John George Laughton was born in Holm parish, Orkney, Scotland, on 2 December 1891, the son of John Laughton, a farmer, and his wife, Mary Ann Balfour Moody Shearer. He emigrated to New Zealand with his parents in 1903, and spent his youth at Mosgiel. After attending the University of Otago he studied at the Presbyterian Theological Hall, Knox College, Dunedin. In 1913 he was appointed student minister to Piopio in the King Country and in 1914 ordained home missionary there. On 23 December 1915 at Piopio he married Margaret Leask. She died on 20 September 1917; there were no children of the marriage.
Laughton's ministry at Piopio covered vast back-country areas. He identified closely with Māori, becoming adept at their language and earning their respect and affection; they called him 'Hoani'. In 1918 he was invited to join the Presbyterian Māori mission, and he moved to Maungapōhatu in the Urewera country, where the prophet Rua Kēnana had founded his religious community. Rua was released from prison in April and from the beginning his relationship with Laughton was marked by deep theological tensions.
Rua claimed to be Jesus Christ's brother and the Messiah, and Laughton found this unacceptable. However, through tact and careful listening on Laughton's part, and open interest on Rua's, mutual trust and friendship developed between the two. Together they developed a concept of unity based on the belief that one God could be found through different pathways. This brought together the followers of the Ringatū, Iharaira and Presbyterian faiths. The men shared a commitment to Māori education and collaborated on the establishment of a school at Maungapōhatu in July 1918. Through his association with Rua and the people of Maungapōhatu, Laughton developed an intimate understanding of Māori thought and tradition. Tūhoe conferred rangatira status on him, and at the prophet's behest, Laughton was to conduct Rua's funeral service in 1937.
Around August 1918 Laughton accompanied the Reverend H. J. Fletcher to Ruatāhuna. He helped to build a school there and later established schools at Matahī (1921), Tanatana (1922), Te Teko (1926) and Te Onepū, near Kawerau (1930). In 1921 Laughton was ordained a full minister in the Presbyterian church. That year, on 20 December at Rotorua, he married Horiana Te Kauru of Nūhaka, an outstanding graduate of Turakina Māori Girls' School and a schoolteacher at Matahī. They were to have five children.
In 1926 Laughton was transferred to Taupō. This became the base for his richly diverse, visionary and expanding ministry. He trained young Māori men for the ministry, became mentor to new recruits to the mission (lay and ordained, Māori and Pākehā), and spearheaded new developments in education. Totally committed to a renaissance of the Māori language, Laughton founded a press, Te Waka Karaitiana. This published journals of the same name, Māori translations of portions of Scripture, and general news of the Christian churches. He also compiled and then personally sponsored the publication of the Presbyterian Māori service book.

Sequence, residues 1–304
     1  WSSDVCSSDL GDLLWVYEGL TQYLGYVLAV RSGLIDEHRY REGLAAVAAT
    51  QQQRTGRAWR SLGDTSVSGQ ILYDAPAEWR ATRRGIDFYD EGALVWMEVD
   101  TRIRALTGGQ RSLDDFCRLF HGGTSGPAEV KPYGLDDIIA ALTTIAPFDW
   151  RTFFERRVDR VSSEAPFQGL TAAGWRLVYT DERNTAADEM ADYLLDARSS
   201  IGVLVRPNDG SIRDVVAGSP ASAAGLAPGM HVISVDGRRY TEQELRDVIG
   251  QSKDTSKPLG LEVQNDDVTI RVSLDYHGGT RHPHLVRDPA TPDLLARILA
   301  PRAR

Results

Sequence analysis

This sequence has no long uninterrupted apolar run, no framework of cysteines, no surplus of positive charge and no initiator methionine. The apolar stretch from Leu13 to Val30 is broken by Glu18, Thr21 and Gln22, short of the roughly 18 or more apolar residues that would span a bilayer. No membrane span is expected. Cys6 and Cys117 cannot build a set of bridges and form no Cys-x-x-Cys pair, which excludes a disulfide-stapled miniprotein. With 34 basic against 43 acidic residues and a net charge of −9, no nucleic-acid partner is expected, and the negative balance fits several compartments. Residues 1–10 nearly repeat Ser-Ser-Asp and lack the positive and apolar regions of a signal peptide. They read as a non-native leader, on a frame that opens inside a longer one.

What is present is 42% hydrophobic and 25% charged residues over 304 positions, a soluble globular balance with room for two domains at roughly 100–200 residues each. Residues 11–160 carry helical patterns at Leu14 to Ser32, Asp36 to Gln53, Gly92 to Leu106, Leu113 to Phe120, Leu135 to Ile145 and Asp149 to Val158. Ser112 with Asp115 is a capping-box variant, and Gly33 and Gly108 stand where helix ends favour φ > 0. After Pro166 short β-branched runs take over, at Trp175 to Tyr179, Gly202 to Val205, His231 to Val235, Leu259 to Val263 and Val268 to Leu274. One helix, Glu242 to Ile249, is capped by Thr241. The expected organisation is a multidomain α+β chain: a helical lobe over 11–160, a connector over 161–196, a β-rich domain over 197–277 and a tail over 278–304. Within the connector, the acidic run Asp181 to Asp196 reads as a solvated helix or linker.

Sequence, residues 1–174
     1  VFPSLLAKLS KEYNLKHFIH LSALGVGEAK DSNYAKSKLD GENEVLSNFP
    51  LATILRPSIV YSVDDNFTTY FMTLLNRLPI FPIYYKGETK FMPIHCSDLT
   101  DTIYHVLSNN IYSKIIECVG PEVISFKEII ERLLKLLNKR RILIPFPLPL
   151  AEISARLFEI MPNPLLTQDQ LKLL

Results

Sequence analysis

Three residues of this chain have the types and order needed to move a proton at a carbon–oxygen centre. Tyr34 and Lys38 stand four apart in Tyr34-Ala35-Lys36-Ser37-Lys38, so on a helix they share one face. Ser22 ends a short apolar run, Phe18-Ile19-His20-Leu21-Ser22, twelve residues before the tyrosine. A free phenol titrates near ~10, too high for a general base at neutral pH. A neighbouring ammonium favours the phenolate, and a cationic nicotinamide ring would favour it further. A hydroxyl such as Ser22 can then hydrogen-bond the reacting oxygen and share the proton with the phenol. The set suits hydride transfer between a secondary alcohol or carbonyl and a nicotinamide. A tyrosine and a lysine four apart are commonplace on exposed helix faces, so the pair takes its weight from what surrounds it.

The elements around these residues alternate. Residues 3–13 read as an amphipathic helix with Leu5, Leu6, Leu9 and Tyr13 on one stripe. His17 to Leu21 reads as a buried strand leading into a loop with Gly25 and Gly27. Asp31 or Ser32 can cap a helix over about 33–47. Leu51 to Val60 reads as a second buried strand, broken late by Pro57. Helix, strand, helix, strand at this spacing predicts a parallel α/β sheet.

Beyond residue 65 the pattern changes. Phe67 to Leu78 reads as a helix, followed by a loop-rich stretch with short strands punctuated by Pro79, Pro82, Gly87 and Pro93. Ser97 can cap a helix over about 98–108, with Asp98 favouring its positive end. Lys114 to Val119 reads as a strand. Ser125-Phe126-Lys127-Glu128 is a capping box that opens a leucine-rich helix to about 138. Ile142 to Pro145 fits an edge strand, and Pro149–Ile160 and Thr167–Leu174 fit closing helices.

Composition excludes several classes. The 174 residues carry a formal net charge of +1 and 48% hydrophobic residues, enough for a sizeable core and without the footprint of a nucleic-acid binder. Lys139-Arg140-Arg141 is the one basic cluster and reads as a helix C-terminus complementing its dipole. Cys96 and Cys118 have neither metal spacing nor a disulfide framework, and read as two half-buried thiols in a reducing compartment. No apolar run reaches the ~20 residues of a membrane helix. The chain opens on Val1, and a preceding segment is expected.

In 1936 Laughton was appointed superintendent of the Presbyterian Māori missions. Under his leadership a Māori boys' training farm (Te Whaiti) and five urban boarding hostels for young Māori men and women were established. Local Māori parishes were growing vigorously, and Laughton encouraged them to become more autonomous. He set up special Māori structures for church administration and ministry training and in 1945 the Presbyterian church created the Māori synod (Te Hinota Māori) as a separate entity. Laughton's vision of a marae base for the mission culminated in the official opening of Te Maungarongo meeting house at Ōhope, Bay of Plenty, in 1947. When Te Hinota Māori was established as a full synod of the Presbyterian church in 1956, Laughton was elected inaugural moderator; he held this position until his retirement in 1962.
Laughton's achievements were recognised in many ways. In 1942 he was installed as moderator of the General Assembly of the Presbyterian Church of New Zealand; in 1948 he was appointed a CMG for services to Māori and the Māori church; and, after four years organising the project, in 1950 he supervised the printing of the revised Māori Bible in London. He was appointed to the Māori Purposes Fund Board in 1943 and the Ngārimu VC and 28th (Māori) Battalion Memorial Scholarship Fund Board in 1948, and was made a justice of the peace. He was also a member of the Polynesian Society.
John Laughton was a humble, gentle man with a deep love of Māori and the Christian faith. These attributes formed the foundation of a ministry that crossed all denominational and tribal boundaries. He died in Rotorua on 3 July 1965, survived by his wife, Horiana, two daughters and two sons, and was buried at Hillcrest cemetery, Whakatāne. The people of Maungapōhatu delivered a stone from their sacred mountain to rest on his grave.